Monday 4 July 2022

Madeira WindBirds seabirding trip report 25th-28th June 2022

The following is a trip report from a visit to Madeira in June 2022. 

A group of six birders from West Cornwall booked three days with the well known Madeira Windbirds tours and an additional day-tripper sailing to Desertas Island. Windbirds always depart Machico harbour at 3pm and the Bonita da Madeira departs Funchal at 9am. 

We spent seven days in Madeira but this amount of time is unnecessary if its just seabirds you're after. Away from the coast, there's limited birdlife and all of it can be mopped up in a single morning. Any future trips would be for five days maximum.

Windbirds is a professional company specialising in watching seabirds and cetaceans. Hugo and Catarina set up the company18 years ago with a ten-seater, 11 metre rib. Two powerful outboard motors get you 25 miles offshore in approx. 90 mins. The team have exact coordinates of the best places to bird.  

You need full waterproof kit including leggings.  Essentially, you are going to get soaking wet, especially on the South side return leg or when you bird the North of the island on the outward leg. There's no formulae on which side to sit. If its windy, you'll get wet.  I wore deck shoes but a pair of crocks or old sandels is fine. (Your feet will also get wet). A wet bag is also essential for your kit.

Windbirds use a tried and tested method of chumming from a floating bucket of diced fish, laced with fish oil. The bucket is re filled several times during the five hour session.  The rib remains alongside the bucket throughout and never leaves the chum slick. The chum slick is created and pretty soon, the petrels and shearwaters arrive.

Bonita da Madeira is a large day tripper boat specialising in trips to Desertas Grande. The captain will pursue cetaceans or seabirds of interest but keep a respectful distance. The ship lands passengers on Desertas Grande island with a useful and knowledgeable guide to the island's wildlife. We were shown Bulwer's and Cory's breeding burrows. We also saw 12 Desertas Petrels and hundreds of Cory's on the voyage over to the island.  For 80 euros, its well worth it. A free cooked meal and wine is also offered. Well recommended.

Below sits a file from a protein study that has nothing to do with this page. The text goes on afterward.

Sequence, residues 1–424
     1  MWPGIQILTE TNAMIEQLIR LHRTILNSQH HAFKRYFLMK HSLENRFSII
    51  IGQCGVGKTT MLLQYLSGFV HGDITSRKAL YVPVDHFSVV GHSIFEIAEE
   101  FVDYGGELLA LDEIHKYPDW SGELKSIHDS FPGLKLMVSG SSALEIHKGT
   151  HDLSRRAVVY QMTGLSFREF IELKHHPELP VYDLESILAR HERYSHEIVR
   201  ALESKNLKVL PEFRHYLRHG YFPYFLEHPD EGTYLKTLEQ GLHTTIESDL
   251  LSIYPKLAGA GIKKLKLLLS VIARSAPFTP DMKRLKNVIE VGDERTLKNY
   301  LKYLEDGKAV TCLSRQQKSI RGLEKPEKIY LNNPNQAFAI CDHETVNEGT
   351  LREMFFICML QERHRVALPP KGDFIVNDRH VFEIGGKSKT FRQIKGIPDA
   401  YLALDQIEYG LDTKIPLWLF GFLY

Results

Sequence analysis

The following species accounts give some idea of what can be seen:

Desertas Petrel. Over the four days at sea ie. 25th, 26th, 27th and 28th June, we saw 12, 4, 4, 6 birds respectively. Some views were distant and others reasonably close to the boat.  The name Pterodroma is Greek for Wind Bird, and as the name suggests, these birds thrive in high winds and power through the chum slick at impressive speeds. Some circle round the chum bucket but generally move on quickly. You have to be quick off the mark with id. and any photography.  The species breeds on Bugio Island, which is one of the three Desertas islands (adjacent to Desertas Grande).

Desertas Petrel, June 2022 (picture courtesy P Clement)

Desertas Petrel, June 2022, picture by Steve Rogers

Zino's Petrel: Over the four days at sea ie. 25th, 26th, 27th and 28th June, we saw 0, 2, 3, 2 birds respectively and had some really good close views. This species is the number one target for visiting birders. Up to date information from birders at the breeding site on the Madeiran mountain estimate around 80 breeding pairs and a total of just 300 birds. Thus, this species is super rare and extremely vulnerable, especially to feral cats and rodents on the mountain where it breeds.

We visited the mountain breeding site at midnight to listen to them calling. Whilst the conditions of rain, mist and strong wind weren't ideal, we did hear the mournful sounds coming from the burrows. The visit is organised by Hugo and Catarina. (50 Euros.)